Sun Safety Tips

sun hat sunscreen and sun glasses in sand

Summer is in full swing! Warm, sunny days only mean one thing: it’s time to get out of the house and into the sunshine.  No matter what you’re doing outside – whether it’s relaxing by the water, camping, playing outdoor games or sports, or just hanging out in the backyard – it’s important that you protect your skin from the sun’s ultraviolet (UV) rays. Both UVA and UVB rays can be harmful to your skin. While UVB rays are the main cause of sunburns, overexposure to UVA rays may cause skin cancer.

Staying sun safe couldn’t be easier. Use these tips to keep your skin healthy this summer.

Pick the right sunscreen. Not all sunscreen is created equally. Make sure yours is a “broad spectrum” sunscreen, which protects from both UVA and UVB rays, with a sun protection factor (SPF) of 15 or higher.

  • People who have fair skin should use SPF 30 or higher.
  • Kids and babies have thinner skin than adults, so buy sunscreen that is made especially for them. These will usually have SPFs between 30 and 50.
  • If you’re going to the beach or pool, or you’re doing things that could cause you to sweat, you’ll also want to choose sunscreen that is waterproof.
  • Be sure to test new sunscreen on a patch of skin to see if it causes rashes, stinging, or an allergic reaction. You may need to try a few different kinds before you find one you like.

Know how to use it. Sun can begin to damage your skin after 15 minutes of exposure, so put on your first layer before heading outside. In general, you’ll need to put on more sunscreen every two hours, and sooner if you’ve been swimming or sweating. Waterproof sunscreens will say on the label how long they stay water resistant. Set a timer on your watch or phone as a reminder to reapply.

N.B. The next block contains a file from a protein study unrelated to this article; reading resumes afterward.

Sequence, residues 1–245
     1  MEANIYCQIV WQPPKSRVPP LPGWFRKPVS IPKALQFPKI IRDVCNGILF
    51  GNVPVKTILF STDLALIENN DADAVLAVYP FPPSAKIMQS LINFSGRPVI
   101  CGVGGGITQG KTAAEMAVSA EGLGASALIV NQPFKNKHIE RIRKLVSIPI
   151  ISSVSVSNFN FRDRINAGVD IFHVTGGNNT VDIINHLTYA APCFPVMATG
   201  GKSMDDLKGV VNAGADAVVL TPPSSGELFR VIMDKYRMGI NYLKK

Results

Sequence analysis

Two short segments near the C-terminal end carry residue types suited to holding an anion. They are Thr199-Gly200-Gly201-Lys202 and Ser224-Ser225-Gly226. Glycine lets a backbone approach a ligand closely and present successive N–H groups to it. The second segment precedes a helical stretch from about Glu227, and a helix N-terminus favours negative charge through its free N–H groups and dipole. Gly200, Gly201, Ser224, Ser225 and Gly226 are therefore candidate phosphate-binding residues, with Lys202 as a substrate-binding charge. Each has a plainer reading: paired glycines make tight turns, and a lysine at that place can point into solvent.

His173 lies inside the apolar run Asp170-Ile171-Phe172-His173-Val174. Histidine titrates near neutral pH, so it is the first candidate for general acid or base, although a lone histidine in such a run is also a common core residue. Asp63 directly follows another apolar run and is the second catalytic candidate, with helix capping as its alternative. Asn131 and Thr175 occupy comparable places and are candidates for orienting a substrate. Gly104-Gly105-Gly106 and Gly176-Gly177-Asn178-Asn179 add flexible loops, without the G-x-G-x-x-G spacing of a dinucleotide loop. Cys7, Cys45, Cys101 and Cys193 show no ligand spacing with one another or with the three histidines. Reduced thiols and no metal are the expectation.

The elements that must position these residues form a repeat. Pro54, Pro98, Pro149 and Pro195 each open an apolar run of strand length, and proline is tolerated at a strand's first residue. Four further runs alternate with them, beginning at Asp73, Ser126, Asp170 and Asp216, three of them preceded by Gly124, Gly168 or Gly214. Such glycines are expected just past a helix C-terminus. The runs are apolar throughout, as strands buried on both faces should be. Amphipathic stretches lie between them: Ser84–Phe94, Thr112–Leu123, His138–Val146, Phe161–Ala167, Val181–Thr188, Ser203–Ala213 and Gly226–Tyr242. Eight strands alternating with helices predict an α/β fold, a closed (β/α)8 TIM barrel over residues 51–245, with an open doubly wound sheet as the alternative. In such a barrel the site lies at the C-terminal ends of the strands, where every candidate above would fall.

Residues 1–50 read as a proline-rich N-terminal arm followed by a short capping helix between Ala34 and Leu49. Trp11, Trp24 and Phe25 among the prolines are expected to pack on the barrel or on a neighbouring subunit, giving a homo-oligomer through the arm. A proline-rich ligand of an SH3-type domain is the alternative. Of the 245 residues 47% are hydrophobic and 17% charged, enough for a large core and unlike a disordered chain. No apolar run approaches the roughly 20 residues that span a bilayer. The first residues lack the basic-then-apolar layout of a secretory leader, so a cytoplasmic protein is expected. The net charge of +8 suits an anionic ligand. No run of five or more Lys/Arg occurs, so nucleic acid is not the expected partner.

No days off. You still need to wear sunscreen on cloudy or overcast days. Clouds don’t cover up UV rays, and they can reflect off of the ground. Even though you can’t see the sun, your skin can still be damaged.

Get some shade. The sun is most intense between 10 am and 4 pm, so limit your exposure during this time. Make a point to take shade breaks. You’ll probably be more than ready to get out of the heat! Some of our favorite ideas: sit under an umbrella or a shady tree, head inside for lunch, or go see a movie.

Think outside the bottle. Of sunscreen, that is! While using sunscreen correctly is the gold standard, you can take protection to the next level by wearing:

  • Sunglasses with UV protection
  • Wide brimmed hats
  • Long-sleeved shirts and pants (as much as is comfortable, of course – you don’t want to overheat)
  • Lip balms and makeup with SPF 15 or higher

Stay cool. Being safe in the sun isn’t just about protecting your skin. You need to be mindful about heat exhaustion, too. Summers in Virginia are often hot and humid, which makes it a lot harder for your body to cool itself down. Making sure you’re drinking plenty of fluids and heading indoors to cool down when you need to. Know the signs of heat exhaustion – including dizziness, nausea, and muscle cramps – and take action if you or someone with you is showing them.

Share on facebook
Share on twitter
Share on linkedin
Share on email
Share on print